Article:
Hyperpigmentation is a condition of the human skin where dark spots appear in one area (localized) or spread out (diffuse) in the body. This commonly results from unregulated and too much production of melanin pigments within the skin cells. And because melanin is responsible for producing color in certain parts of our skin, its overproduction creates an uneven skin tone.
An example of hormonally-induced facial hyperpigmentation is called melasma. Here, female sex hormones (estrogen and progesterone) trigger the excessive production of melanin, upon sun exposure. The resulting big patches of hyperpigmentation usually occurs in the cheeks, nose, lips, and forehead. Pregnant women, people who undergo hormone replacement therapy, those who take contraceptive pills, women in their menopausal periods, and those with a higher genetic predisposition, often suffer from this condition.
There are many ways to counter the impact of hyperpigmentation, such as effective sunscreen use and wearing wide-brimmed hats outdoors, to lessen the sun exposure that triggers melanin production. While these may seem enough for some patients, others still opt for medical treatments.
Turning to topical creams to medically treat hyperpigmentation is fairly common for patients who want to fight the aesthetically-unwanted effects of this skin condition. One example is the use of cysteamine cream to stop excessive melanin production. Cysteamine is well-known for its FDA-approval in the treatment of a rare genetic disorder called cystinosis. These days, it is being directed towards the treatment of melasma and hyperpigmentation disorders.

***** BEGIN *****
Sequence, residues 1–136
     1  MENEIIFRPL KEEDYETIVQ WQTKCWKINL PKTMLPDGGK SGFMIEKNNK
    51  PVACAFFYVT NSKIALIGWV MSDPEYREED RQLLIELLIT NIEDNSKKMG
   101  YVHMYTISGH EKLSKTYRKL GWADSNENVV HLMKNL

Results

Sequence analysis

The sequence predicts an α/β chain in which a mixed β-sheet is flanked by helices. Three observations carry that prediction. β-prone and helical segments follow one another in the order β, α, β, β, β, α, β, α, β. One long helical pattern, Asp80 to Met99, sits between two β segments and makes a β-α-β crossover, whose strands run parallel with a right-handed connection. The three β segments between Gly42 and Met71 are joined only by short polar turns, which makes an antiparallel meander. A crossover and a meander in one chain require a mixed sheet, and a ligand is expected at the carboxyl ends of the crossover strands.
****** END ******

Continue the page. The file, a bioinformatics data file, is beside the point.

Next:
Comprised mainly of a naturally-occurring thiol in the human body (cysteamine), cysteamine cream is a lot safer than other depigmenting creams. Its non-toxic potency impacts melanin synthesis by stopping the production of these coloring pigments. Additionally, studies show that it has higher efficacy as compared to commonly-opted medical treatments. Finally, unlike its chemically-based counterparts (that have been feared to have carcinogenic effects), studies report the safety and even suggest anti-cancer properties of cysteamine.
Rana Tarakji is an entrepreneur and a contributing writer at One SEO, a digital marketing company in Lebanon, Beirut. Rana is passionate about digital marketing, startups, helping entrepreneurs grow, and empowering them to live their dreams. She has worked as a marketer, a technology co-founder and business developer, and a writer.